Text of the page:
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Creating a Battery viz Using Node.js: Getting Started and Server

If your initial reaction to the title of this article was something like WHAT?, I want to reassure you. You don’t have to take my word for it! What I’m going to do is to show you how to build a fine piece of software that can run on multiple operating systems, interact with them and present the results in a pleasant way. The whole task will be achieved by using JavaScript and a small amount of bash/powershell commands.

Said that, you might be wondering why I want to make this experiment. It might come as a surprise, but “winter nights are long and lonely and I needed something to kill some time” is not the answer to this question. Maybe something on the line of “I wanted to refine my skills and master JS” would be closer.

Although this project does not carry a hight value on itself, my humble opinion is that it will:

  • provide you the skills (and some basic design) to build a RESTful service and any interface you’d like for your favourite OS
  • let you focus on cross-OS compatibility
  • introduce you to valuable design patterns for JavaScript and useful Node.js modules.

With this in mind, let’s start talking about the server. What we need is to create a (RESTful) service that provides us, in real-time, the last readings from our OS.

Why do we need a server? And why RESTful?

The answer to these two smart questions is simple. Firstly, we need a server because, for security reasons, there is no way a browser would allow you to execute a command on the OS (I bet you wouldn’t be too happy if any creepy website was able to erase all your files, would you?). Secondly, we’ll have a RESTful service because there are several advantages in using REST interfaces. This is out of our scope, but I’ll point interested readers to a few good resources to learn more about this topic at the end of this article.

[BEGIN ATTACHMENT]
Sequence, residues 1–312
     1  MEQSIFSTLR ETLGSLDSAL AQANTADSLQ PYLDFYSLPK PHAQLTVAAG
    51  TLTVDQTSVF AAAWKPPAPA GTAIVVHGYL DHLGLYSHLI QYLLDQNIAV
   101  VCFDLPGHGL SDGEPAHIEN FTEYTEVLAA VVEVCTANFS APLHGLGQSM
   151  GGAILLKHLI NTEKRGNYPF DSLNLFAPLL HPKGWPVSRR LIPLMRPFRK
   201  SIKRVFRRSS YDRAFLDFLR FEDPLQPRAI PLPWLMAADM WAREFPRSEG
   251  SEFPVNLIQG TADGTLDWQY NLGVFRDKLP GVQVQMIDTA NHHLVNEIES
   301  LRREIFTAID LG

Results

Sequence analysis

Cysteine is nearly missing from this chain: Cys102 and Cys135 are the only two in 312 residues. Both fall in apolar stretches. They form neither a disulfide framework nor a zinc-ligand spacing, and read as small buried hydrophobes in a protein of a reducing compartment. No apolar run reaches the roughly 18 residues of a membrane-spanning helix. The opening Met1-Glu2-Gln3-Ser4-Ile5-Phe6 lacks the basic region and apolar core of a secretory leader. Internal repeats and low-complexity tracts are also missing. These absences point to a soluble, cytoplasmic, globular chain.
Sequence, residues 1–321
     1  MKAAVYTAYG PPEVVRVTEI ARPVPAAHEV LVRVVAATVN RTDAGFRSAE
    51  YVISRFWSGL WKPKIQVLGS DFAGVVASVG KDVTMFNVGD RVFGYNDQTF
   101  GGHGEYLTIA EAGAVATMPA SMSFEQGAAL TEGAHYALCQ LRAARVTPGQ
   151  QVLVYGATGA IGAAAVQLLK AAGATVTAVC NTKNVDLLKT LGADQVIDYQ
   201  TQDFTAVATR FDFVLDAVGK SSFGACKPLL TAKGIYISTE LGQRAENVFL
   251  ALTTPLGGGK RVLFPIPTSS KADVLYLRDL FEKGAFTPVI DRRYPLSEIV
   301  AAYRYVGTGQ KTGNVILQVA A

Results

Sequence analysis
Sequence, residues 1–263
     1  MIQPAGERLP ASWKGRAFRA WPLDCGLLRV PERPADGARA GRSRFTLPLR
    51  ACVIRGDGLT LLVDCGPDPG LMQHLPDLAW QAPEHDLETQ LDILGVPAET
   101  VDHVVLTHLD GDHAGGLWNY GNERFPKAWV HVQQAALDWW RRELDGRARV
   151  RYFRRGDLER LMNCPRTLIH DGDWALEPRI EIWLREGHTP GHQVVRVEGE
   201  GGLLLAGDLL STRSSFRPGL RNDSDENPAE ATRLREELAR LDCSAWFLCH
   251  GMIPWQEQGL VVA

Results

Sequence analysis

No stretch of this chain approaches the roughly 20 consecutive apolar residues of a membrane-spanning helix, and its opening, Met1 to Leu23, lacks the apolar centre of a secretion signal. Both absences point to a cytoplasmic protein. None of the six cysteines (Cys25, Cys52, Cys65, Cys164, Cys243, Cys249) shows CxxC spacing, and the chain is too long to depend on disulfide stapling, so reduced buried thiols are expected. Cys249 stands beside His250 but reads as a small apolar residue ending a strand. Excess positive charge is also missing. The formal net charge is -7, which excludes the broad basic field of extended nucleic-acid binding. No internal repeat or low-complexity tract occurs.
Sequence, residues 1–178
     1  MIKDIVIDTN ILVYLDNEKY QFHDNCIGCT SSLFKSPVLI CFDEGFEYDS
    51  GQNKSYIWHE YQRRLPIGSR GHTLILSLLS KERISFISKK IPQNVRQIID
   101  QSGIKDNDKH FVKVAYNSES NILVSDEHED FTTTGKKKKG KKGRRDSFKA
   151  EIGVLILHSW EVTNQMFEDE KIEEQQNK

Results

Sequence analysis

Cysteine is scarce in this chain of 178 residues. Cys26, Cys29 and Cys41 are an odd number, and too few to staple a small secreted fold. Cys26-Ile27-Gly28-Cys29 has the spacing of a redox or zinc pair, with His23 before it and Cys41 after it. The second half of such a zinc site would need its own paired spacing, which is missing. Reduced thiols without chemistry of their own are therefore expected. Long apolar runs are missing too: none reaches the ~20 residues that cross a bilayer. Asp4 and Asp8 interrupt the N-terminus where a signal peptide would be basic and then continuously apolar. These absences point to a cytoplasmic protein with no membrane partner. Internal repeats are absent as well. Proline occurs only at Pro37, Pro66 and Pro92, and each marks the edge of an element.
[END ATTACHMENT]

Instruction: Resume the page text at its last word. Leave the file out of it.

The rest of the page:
Now, what we want is at least one endpoint that can be called from any service over the HTTP protocol, hence decoupled from the actual representation of the data it’ll provide, and in response sends data back to the caller.

To send this data back, we’ll certainly need to agree on a format. We could send back some raw text and leave parsing to the client or, as an alternative, we could send structured data (using XML for instance). I ended up choosing JSON. The reason is that we’ll have structured data but far less redundant than XML. Note that by agreeing on a format for the data we introduce a certain coupling for the client, that now has to adhere to our formatting. Nevertheless, this choice gets several advantages:

  • We can specify the format as part of our interface: clients naturally have to adhere to APIs of any service they use (for instance, the name of the methods or the endpoint exposed) and as long as we don’t change the format, there will be no difference. Obviously we should still think this format through before hitting version 1. In fact, we should (almost) never change a public interface in order to avoid that clients will be broken.
  • We would sensibly slow down clients by delegating parsing to them.
  • We gain decoupling from different OSs by providing a common format for all of them. To support a new OS, all we need is an adapter for the data we receive from it.

At this point, we need to start talking about how and where we’ll get the data we send to the client. This is maybe the trickiest part of the game, but luckily there are plenty of modules for Node.js that allow our server to talk to our OS, and even understand which OS is running on our machine.

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